The phenomenon of using sports events to distract from human rights violations has come to be known as “sportswashing”. While the term itself is relatively new, scholars have traced its history in practice back to ancient times, be it Athenian chariot racing to project strength, or Roman gladiatorial combat to distract the population from domestic issues.

Many argue the 1936 Olympic Games in Berlin under Nazi rule are an early example of sportswashing. The idea has gained new impetus on the back of recent events in authoritarian countries, particularly the 2008 Summer Olympics in Beijing, the 2014 Winter Olympics in Sochi, the 2018 World Cup in Russia, the 2022 Winter Olympics in Beijing and now the upcoming World Cup in Qatar. Alongside these high-profile examples, there have been a plethora of smaller-scale events, including the 2015 European Games in Baku, Azerbaijan, F1 races in Gulf states including Bahrain and Saudi Arabia, and high-profile boxing fights in Saudi Arabia.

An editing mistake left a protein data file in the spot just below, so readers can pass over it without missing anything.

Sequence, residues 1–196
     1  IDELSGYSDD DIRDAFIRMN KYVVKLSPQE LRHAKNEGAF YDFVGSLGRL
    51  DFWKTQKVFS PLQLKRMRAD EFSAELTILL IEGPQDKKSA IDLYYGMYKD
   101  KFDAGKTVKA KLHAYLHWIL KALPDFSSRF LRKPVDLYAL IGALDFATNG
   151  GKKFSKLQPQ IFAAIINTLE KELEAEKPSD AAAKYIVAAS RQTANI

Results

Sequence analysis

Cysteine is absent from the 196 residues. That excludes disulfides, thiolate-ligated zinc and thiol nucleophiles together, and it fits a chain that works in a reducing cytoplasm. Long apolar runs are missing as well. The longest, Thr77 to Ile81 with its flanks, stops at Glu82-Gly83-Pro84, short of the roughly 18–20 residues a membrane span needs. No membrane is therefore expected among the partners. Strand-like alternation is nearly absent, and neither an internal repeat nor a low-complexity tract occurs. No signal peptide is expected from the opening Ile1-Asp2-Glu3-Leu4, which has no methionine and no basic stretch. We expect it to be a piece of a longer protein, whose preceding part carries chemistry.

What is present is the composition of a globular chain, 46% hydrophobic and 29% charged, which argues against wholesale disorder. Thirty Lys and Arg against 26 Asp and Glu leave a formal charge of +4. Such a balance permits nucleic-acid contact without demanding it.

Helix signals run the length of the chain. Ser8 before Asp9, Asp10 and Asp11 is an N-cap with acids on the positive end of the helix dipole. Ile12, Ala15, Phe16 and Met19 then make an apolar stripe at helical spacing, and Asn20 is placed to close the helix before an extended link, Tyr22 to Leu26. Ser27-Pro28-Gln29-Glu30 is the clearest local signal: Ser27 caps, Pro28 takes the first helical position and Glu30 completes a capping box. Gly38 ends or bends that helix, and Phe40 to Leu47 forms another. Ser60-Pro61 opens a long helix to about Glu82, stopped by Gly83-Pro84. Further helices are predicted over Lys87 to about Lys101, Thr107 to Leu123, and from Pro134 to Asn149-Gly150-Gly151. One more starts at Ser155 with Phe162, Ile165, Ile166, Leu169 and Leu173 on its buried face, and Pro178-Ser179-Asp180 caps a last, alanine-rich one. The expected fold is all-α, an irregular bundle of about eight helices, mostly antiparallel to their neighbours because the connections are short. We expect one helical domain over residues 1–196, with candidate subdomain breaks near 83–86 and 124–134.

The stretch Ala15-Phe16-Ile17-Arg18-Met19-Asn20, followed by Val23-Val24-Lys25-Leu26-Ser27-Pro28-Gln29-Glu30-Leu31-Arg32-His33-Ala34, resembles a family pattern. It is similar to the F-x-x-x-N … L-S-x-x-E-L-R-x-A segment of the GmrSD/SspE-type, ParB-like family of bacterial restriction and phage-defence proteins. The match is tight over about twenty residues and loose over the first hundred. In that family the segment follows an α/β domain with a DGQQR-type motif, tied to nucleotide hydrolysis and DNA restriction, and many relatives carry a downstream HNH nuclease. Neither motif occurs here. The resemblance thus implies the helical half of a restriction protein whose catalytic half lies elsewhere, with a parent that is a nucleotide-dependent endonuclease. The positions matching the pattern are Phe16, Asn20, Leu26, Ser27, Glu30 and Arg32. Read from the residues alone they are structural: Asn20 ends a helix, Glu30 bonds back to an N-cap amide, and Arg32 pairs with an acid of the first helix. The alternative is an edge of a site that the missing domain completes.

Sportswashing is often understood as a state trying to use soft power, to demonstrate its positive qualities to an international audience; distracting from human rights issues through a celebration of sport. However, it is important to note that international viewers are not the only audience for sportswashing.

As the geographer Sven Daniel Wolfe has written about Sochi 2014, we can see the demonstration of power more through the lens of creating a sense of national unity for Russians, rather than creating attraction towards Russia from abroad.

In this case, sportswashing isn’t about convincing foreign governments and audiences – it’s about cementing power domestically. As political scientist Jules Boykoff notes, in these contexts sportswashing can be used to set the stage for military intervention, with Russia’s annexation of Crimea beginning mere days after the Sochi closing ceremony.

This distinction between international and domestic audiences is important for the upcoming World Cup. While the likes of China and Russia may be using these mega-events to project power to their domestic populations and cement their grip on power, what is happening in Qatar and other Gulf states is different.